If you do not have a place for a garden outdoors, perhaps you can grow a lot of things in window boxes, planters and tubs. The basic needs of the plants are the same regardless of where they are grown.

If the plant needs full sunlight, it will not perform well in the shade. If it doesn't get enough water, it will wilt and die regardless of where it is planted.

Soil in containers outdoors dries out faster than the soil in a regular garden. The soil surface and the sides of the containder are all exposed and subject to quick drying. The smaller the container, the more frequent the need for watering and fertilizing.

The containers should have drainage holes in the bottom so that excess water can drain. For each 50 square inches of bottom area, make a drain hole one-fourth inch in diameter. Then it is possible to wet all of the soil in the container when you water without risk of accumulation of water in the root zone.

A petunia should have at least a 6-inch pot (6 inches in diameter and 6 inches deep), a cherry tomato a 10-inch pot, a regular tomato a bushel basket and a rose bush a 12-inch tub.

If the container is too small, it may be necessary to water two or three times a day. Sometimes the foliage may lose water faster than the roots can replace it and the plant wilts. high humidity tends to reduce wilting and humidity can be increased to some degree by sprinkling the foliage with water.

Some gardeners believe that spraying leaves with water in the hot sun may cause scalding. Instead, studies have shown that the water reduces the temperature of the leaf tissue from 8 to 20 degrees.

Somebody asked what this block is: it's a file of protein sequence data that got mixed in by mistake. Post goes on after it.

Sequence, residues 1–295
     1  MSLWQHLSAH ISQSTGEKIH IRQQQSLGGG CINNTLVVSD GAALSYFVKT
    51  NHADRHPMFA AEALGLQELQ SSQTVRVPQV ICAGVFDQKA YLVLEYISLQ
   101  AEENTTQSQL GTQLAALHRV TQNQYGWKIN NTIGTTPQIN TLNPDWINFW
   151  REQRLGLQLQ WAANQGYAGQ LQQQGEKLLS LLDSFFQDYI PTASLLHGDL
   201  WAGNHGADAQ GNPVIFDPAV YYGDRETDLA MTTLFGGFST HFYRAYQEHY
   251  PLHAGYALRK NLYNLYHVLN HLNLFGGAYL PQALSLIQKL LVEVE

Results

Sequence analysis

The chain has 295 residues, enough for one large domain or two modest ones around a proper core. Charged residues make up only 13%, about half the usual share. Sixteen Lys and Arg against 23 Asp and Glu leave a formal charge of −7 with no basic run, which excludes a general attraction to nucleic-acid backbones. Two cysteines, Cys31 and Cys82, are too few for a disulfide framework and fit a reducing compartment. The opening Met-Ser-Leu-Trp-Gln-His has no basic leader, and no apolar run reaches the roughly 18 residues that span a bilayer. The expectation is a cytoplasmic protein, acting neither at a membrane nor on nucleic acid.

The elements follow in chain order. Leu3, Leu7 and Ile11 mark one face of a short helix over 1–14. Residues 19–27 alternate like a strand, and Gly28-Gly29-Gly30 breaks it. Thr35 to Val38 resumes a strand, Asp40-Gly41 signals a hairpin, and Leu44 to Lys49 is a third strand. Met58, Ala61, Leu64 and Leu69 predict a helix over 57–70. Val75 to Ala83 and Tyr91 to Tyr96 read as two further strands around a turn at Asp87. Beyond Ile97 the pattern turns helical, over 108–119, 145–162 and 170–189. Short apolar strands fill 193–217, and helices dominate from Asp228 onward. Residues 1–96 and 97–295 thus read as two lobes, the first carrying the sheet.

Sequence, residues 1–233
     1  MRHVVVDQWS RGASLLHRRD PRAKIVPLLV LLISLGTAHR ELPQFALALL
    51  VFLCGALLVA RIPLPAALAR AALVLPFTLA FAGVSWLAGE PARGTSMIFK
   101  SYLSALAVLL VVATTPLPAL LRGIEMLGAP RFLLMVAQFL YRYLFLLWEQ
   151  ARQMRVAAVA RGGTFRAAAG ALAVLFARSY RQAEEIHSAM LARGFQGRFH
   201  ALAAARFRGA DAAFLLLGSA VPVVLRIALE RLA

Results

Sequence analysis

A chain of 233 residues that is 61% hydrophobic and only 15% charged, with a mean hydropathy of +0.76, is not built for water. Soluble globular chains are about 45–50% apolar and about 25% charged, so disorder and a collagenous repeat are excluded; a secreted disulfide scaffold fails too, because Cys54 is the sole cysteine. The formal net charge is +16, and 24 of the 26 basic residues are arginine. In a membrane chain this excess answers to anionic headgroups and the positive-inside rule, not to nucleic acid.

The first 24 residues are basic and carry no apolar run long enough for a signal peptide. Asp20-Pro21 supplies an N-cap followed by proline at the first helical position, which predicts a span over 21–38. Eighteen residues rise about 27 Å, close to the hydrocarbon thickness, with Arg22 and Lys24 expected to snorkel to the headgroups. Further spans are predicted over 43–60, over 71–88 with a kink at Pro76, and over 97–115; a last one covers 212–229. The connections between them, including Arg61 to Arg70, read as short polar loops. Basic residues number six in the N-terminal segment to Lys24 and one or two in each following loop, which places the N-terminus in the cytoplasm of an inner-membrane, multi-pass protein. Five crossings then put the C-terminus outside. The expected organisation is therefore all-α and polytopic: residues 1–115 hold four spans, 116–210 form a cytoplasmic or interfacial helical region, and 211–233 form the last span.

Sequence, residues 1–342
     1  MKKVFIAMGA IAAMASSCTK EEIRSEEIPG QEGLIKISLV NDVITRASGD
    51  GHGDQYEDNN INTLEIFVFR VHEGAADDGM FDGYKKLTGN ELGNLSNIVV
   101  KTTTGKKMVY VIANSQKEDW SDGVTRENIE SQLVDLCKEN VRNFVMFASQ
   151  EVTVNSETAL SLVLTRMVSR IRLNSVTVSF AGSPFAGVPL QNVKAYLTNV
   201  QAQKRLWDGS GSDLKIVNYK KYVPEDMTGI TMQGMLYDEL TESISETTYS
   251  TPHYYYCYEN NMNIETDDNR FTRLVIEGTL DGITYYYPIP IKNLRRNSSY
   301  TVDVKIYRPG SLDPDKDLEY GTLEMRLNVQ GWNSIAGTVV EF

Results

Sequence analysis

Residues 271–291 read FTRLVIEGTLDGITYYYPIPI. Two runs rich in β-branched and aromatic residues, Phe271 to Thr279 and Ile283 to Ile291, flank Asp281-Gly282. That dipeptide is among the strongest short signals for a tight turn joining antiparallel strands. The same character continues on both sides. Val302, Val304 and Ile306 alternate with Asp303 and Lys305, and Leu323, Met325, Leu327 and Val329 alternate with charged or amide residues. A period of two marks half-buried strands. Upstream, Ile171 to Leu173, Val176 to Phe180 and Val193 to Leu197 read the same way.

Use of wooden tubs for containers and tree bark for mulching can lessen the need for watering and reduce wilting. In general, dark-colored surfaces absorb more of the sun's heat than do light-colored surfaces. Black plastic, for example, absorbs much of the sun's energy, while aluminum foil reflects the heat.

Do not depend on a rain, sometimes even a heavy one, to provide enough water for container plants growing outdoors. The foliage of the plants may cause the rain to run off without saturating the soil.

As plants grow they will use more water, increasing the need for watering. on the other hand, sun patterns change throughout the growing season and plants may not be exposed to as much sun during late summer and fall as during spring and early summer.

If your location faces north or has considerable shade, very few vegatables can be grown successfully. Some of the best flowering plants for subdued light include wax begonias, coleus, impatiens and fuchsia.

Drainage holes may become stopped up and accumulation of water and exclusion of oxygen may cause root rot. The plant wilts during the heat of day and recovers overnight. This is an indication of damaged roots being unable to provide enough moisture. Root rot is favored by high soil moisture and high soil temperatures of 80 degrees F. or more.